March 1, 2004
Contrasts in Daisy Miller
Henry James’ Daisy Miller contains powerful juxtapositions which characterize social issues of the era. Through the death of an innocent American girl, we glimpse stark contrasts of class and society between America and Europe.
Winterbourne, the protagonist through whom we experience the novella, first encounters Daisy Miller in Vevey, Switzerland. Winterbourne is struck by and becomes attracted to the beauty and particular spirit of Daisy. “He had never yet heard a young girl express herself in just this fashion”. These peculiarities become the cause of much internalized debate of Winterbourne as he attempts to give her a type. “Was she simply a pretty girl from New York State… Or was she also a designing, and audacious, and unscrupulous young person?” Tragically, Winterbourne’s perplexity and over analysis leads to his ultimate failure to understand Daisy Miller for who she is, “the most innocent”.
Winterbourne’s puzzlement leads him to seek advice from his aunt, Mrs. Costello, an established American in European society. In a conversation concerning Daisy Miller, Winterbourne questions his aunt whether “she is the sort of young lady who expects a man – sooner or later – to carry her off?” Winterbourne posses this question to seek Mrs. Costello’s experience in categorizing the mass of contradiction he feels towards the behavior of Daisy.” The dichotomy of his thoughts is reflected by his conversations with Mrs. Costello. While Winterbourne feels that “She is completely uncultivated… But she is wonderfully pretty, and, in short, she is very nice”, Mrs. Costello describes her as “very common”, and “a dreadful girl.” Although he is partial towards Daisy and says “She’s a very nice girl”, he is continuously influenced by those around him, particularly his aunt to categorize Daisy as “the sort of Americans that one does one’s duty by not – not accepting.
Daisy Miller, in American fashion” assumes little about her own social status. Although she is eventually shunned by European society, in her innocence, she believes that “They are only pretending to be shocked. They don’t really care a straw what I do.” While those around her, including Winterbourne misunderstand her as “hopelessly vulgar”, Daisy Miller is by no means such. “I’m a fearful frightful flirt… Did you ever hear of a nice girl that was not?” Daisy admits to her nature innocently. She seeks nothing of waiting to be “carried off” by some gentlemen. In fact, she conducts herself in the fashion that she conducts herself in America, through openness towards men on platonic terms. She does so innocently, and without realization of social consequences of her actions in Europe. Daisy is the height of innocence and does not realize the dire social position she is abases toward. When Winterbourne makes this realization that she is indeed “the most innocent girl” he has ever known, it is already too late.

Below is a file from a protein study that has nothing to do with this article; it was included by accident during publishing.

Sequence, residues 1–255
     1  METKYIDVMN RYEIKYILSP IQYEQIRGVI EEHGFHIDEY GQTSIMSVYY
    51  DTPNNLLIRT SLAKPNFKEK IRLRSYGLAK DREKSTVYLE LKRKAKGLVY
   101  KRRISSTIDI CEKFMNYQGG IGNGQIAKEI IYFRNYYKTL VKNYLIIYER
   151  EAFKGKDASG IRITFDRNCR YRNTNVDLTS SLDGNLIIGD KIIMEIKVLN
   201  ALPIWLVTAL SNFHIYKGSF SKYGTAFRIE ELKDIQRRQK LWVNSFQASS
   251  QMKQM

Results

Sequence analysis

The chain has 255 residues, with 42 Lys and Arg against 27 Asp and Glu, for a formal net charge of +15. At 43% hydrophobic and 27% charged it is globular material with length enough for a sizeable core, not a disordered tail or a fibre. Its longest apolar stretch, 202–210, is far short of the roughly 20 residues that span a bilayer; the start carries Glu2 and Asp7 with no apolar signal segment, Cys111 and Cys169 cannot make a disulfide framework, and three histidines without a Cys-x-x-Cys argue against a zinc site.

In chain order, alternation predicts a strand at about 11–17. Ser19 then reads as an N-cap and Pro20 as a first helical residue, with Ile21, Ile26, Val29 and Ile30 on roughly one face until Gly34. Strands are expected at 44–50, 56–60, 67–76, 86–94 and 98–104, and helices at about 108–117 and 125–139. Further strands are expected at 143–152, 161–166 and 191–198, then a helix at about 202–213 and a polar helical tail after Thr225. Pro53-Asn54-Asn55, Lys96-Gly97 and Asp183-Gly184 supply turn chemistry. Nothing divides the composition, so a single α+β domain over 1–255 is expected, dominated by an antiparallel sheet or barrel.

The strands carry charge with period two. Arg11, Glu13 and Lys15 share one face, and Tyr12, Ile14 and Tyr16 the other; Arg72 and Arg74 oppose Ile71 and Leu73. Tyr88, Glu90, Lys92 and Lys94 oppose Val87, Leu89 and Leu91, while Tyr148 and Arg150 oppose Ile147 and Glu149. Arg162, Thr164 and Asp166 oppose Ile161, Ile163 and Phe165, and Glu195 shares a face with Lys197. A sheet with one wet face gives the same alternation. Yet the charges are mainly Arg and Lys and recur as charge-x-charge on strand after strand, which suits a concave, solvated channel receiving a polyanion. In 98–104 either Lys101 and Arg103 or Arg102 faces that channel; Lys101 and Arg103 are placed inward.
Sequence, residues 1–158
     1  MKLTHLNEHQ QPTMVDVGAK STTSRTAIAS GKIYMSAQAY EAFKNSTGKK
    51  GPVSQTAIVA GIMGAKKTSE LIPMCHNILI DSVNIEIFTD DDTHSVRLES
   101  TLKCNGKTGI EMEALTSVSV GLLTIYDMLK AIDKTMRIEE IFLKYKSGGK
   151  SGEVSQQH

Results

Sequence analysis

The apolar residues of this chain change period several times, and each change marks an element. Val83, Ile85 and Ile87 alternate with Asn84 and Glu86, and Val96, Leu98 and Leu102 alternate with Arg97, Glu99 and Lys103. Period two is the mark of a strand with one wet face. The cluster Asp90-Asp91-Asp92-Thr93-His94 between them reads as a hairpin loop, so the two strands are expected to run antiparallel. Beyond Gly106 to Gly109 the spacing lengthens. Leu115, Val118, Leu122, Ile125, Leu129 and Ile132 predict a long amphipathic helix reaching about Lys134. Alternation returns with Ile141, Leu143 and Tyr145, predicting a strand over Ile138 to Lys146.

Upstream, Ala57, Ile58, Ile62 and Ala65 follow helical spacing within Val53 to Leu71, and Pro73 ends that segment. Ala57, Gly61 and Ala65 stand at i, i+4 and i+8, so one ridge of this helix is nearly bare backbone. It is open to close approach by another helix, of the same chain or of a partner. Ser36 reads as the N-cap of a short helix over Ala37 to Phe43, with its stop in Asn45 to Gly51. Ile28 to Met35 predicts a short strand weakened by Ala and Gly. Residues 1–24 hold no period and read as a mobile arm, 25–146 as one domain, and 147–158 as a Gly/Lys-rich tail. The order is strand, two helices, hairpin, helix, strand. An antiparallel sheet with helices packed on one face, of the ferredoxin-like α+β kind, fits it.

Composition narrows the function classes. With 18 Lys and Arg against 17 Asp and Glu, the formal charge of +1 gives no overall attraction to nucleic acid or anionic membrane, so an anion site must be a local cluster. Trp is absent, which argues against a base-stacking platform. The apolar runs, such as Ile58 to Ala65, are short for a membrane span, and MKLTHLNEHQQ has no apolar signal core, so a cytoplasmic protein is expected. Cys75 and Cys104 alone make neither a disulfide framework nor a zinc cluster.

By the end of the novella, it is Daisy who reminiscences about Winterbourne in her feverish state. Although she was “intimately involved” with Giovanelli, Daisy mentions that “she was never engaged to that handsome Italian”, and “remembered the times we went to that castle, in Switzerland.” In this final message, Daisy perhaps hints at the nature of her relationship with Winterbourne.
But Winterbourne is not such a man to “carry her off”. Although Winterbourne prides himself on being Daisy’s only advocate, he fails to assist her in any fashion. In fact, he is biased from the beginning by society. Winterbourne perhaps recognizes that “he was vexed with himself that, by instinct, he should not appreciate her justly.” Winterbourne soon becomes a distant individual who though advocating that he is “biggest supporter of Daisy”, does nothing to affect change. It is tragic that to the very end he still attempts to categorize her.